Looking into Flash's future

Flash is growing up. It seems like only yesterday that Macromedia's vector animation software was best known for the bandwidth-clogging intros website visitors had to sit through before the site's home page loaded. How 1999!

Now the company promotes Flash as a full-fledged development platform for creating what Macromedia calls "rich Internet applications." Nearly every commercial Web site uses Flash, as do many of the Web's most effective ads.

In his keynote address at this week's FlashForward 2004 conference here, Macromedia chief software architect Kevin Lynch presented the company's Flash road map, which he sees leading far outside the browser.

The first example of Flash's broadening range was the Macromedia Central information-management tool that debuted last summer. Central provides Flash developers with a way to deliver content to people's desktops, whether they're online or offline.

A Fresh Breeze

Last month Macromedia announced its first major upgrade of the Breeze Web conferencing program that it acquired from Presedia in 2003. Breeze users can now share files and applications, add real-time polls to their PowerPoint presentations, and search recorded meetings.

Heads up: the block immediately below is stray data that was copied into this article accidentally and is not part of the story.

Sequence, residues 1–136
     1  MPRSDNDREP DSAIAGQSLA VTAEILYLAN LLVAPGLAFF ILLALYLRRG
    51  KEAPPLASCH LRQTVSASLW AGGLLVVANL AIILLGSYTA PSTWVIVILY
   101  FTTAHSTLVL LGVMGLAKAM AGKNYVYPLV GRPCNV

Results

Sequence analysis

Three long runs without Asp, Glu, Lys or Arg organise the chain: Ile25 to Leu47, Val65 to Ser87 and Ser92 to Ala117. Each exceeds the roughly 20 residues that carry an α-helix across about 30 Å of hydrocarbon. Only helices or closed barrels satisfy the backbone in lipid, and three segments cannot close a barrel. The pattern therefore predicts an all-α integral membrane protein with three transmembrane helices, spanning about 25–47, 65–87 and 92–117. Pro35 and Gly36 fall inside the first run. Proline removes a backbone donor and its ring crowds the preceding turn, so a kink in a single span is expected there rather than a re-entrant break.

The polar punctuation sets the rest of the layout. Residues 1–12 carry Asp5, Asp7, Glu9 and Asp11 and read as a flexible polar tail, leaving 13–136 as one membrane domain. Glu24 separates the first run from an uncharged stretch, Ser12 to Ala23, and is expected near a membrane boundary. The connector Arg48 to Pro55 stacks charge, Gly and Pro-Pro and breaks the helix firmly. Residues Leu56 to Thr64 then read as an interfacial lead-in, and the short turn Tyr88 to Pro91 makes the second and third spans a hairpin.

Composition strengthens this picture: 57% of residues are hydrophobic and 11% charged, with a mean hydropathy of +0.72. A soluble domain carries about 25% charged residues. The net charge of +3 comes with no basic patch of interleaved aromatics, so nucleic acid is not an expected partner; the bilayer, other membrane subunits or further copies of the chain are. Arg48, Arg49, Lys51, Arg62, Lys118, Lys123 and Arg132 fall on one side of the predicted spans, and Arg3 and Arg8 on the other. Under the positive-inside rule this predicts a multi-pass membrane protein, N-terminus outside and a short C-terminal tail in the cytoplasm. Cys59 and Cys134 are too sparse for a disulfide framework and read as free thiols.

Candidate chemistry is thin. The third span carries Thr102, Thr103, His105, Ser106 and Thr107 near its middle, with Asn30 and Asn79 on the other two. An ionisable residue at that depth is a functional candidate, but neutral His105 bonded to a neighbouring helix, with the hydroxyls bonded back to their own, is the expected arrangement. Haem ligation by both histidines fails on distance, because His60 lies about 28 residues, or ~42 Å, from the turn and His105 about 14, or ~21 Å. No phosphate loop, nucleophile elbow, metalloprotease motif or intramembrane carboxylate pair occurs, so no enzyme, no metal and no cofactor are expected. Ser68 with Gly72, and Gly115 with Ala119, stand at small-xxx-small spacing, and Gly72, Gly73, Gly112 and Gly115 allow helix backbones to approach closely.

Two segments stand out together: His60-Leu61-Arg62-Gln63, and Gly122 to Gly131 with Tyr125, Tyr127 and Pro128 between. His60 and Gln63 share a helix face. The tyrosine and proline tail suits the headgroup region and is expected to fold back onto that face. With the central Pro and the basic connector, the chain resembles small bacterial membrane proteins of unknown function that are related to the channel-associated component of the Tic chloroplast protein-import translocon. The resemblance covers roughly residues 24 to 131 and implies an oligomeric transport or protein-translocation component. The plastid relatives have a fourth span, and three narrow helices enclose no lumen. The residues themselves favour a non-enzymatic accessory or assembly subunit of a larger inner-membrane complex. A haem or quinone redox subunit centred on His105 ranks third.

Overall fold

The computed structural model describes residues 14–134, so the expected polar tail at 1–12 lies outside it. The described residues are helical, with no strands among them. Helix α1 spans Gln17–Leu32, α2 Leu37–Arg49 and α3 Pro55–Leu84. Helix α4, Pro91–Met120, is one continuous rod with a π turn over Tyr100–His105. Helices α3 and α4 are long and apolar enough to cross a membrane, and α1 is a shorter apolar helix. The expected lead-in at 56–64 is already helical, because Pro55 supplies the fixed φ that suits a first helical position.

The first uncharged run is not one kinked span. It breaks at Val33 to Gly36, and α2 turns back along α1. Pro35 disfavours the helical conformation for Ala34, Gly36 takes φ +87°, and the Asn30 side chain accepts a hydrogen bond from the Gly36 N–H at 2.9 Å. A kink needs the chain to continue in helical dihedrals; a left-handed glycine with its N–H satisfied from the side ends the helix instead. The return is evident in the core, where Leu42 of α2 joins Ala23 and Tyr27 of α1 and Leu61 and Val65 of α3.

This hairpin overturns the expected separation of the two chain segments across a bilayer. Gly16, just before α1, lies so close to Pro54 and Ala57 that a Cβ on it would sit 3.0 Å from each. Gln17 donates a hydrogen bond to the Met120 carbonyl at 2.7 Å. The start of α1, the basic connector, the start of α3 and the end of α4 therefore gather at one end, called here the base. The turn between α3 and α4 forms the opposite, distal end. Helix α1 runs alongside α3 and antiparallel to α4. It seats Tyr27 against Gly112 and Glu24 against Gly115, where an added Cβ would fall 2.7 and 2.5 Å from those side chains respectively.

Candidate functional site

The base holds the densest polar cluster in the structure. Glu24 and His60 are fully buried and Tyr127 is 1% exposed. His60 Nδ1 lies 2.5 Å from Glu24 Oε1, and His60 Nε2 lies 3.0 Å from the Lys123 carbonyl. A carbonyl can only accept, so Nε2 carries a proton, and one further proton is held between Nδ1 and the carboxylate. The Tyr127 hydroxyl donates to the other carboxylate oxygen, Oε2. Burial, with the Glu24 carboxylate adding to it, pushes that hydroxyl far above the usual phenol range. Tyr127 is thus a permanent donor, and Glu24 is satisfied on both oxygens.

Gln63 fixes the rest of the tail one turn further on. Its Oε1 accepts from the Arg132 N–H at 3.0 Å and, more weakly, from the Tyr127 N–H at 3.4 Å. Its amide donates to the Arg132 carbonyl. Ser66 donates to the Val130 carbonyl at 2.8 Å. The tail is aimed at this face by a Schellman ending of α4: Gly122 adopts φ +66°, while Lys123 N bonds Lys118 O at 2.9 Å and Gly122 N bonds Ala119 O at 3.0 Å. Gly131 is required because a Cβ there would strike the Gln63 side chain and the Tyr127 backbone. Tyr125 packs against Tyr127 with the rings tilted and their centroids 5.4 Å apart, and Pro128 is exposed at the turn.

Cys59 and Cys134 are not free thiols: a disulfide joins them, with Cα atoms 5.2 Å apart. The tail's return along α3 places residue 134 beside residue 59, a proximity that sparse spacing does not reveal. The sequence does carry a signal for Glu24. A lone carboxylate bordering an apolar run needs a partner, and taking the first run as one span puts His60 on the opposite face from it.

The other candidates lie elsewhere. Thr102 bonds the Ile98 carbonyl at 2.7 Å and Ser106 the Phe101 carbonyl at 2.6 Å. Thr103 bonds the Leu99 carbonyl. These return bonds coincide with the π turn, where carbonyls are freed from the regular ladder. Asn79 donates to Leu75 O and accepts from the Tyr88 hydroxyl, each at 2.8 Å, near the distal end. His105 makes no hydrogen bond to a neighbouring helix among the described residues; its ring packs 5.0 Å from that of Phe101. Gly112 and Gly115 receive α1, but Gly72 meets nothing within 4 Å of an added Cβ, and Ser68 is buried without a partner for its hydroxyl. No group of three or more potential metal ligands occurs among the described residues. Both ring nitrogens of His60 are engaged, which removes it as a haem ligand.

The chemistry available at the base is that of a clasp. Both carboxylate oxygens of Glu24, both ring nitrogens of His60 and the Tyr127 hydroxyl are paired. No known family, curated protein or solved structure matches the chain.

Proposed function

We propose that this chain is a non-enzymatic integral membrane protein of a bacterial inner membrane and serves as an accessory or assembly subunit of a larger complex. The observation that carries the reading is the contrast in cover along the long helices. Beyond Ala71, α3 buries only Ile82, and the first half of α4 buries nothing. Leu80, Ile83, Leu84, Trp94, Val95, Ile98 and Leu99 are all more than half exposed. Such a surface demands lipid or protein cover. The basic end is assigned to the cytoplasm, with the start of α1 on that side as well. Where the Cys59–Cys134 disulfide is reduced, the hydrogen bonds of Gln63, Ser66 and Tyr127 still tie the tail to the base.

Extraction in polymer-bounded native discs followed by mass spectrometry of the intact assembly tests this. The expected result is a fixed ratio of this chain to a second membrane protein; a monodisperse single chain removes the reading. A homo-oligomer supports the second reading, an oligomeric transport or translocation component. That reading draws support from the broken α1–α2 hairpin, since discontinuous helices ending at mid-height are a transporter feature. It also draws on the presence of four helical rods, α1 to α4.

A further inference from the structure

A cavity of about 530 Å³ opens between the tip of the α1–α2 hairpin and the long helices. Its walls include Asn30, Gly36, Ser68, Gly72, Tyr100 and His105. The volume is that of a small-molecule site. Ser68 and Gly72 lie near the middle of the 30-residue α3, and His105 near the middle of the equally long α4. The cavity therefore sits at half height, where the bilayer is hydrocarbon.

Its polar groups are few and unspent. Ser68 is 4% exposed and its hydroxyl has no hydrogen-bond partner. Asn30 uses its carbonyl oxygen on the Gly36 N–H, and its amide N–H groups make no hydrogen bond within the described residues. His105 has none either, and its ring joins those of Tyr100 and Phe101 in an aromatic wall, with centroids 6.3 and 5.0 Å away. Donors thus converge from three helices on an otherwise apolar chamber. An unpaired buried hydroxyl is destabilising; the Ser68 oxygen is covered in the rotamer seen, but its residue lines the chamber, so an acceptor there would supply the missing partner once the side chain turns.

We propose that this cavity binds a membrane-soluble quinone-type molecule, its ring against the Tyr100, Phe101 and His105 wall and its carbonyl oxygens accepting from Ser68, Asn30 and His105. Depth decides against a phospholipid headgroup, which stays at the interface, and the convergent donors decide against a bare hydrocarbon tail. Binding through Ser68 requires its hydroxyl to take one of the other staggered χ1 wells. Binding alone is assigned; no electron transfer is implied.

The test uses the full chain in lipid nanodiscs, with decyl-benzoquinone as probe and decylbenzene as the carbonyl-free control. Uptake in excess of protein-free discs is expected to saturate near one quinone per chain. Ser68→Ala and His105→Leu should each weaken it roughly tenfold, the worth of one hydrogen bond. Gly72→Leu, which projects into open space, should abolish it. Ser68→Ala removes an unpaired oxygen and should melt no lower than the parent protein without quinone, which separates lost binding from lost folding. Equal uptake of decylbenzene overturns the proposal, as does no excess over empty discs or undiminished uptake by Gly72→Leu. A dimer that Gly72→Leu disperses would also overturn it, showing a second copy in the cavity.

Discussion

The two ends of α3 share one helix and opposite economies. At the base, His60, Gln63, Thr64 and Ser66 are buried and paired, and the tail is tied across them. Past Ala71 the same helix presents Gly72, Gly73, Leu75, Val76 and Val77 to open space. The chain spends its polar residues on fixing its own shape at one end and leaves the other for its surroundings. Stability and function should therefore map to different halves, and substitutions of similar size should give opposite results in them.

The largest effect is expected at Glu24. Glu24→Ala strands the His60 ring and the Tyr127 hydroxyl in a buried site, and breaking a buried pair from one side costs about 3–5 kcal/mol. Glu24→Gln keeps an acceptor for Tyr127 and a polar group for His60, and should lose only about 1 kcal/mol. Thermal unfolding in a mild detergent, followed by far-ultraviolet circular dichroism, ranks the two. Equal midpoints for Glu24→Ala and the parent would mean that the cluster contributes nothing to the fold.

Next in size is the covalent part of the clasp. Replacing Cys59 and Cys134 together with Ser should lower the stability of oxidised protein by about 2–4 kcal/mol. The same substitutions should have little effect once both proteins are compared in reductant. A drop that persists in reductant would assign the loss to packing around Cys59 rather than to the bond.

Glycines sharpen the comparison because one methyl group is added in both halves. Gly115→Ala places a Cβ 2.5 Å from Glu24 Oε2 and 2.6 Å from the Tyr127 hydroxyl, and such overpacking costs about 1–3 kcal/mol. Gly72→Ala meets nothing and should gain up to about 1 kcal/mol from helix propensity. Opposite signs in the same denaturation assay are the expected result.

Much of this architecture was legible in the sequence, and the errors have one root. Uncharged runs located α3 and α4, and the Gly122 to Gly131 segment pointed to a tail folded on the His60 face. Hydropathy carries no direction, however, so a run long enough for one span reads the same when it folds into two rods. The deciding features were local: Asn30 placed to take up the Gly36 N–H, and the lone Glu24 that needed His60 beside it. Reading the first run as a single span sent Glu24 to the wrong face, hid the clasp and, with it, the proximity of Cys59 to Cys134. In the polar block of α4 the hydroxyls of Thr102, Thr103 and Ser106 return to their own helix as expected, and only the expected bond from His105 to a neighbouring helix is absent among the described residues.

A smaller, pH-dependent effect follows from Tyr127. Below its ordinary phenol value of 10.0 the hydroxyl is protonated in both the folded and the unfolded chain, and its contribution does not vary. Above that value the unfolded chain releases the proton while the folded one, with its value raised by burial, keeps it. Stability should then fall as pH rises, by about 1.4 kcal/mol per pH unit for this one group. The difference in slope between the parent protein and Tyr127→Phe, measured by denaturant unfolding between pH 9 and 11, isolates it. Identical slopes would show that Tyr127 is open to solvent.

Previously, the program was used primarily to distribute PowerPoint presentations, but it now supports online meetings and interactive training. And because it is based on the ubiquitous Flash player, people can participate without having to download and install any additional software.

Macromedia has announced the availability of Breeze starting the week of March 8, and the program will be free for the remainder of the month to the first 500 people to sign up. This offer is available to anyone in North America and allows them to set up a Breeze conference with as many as five participants.

Macromedia Breeze will be available in trial, hosted, and licensed versions. Hosting prices start at US$84 per concurrent seat per month. Perpetual licenses start at US$22,500 for 25 concurrent seats and scale upward based on additional users and additional options.

Further down the road, Macromedia will release an editor for the Macromedia Flex Markup Language (MXML). Flex is the company's server-based development environment for enterprises that is scheduled for release by midyear. Lynch claims that the MXML editor, code-named Brady, will be for XML what the company's Dreamweaver Web-development program is for HTML.

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Dennis O'Reilly

PC World
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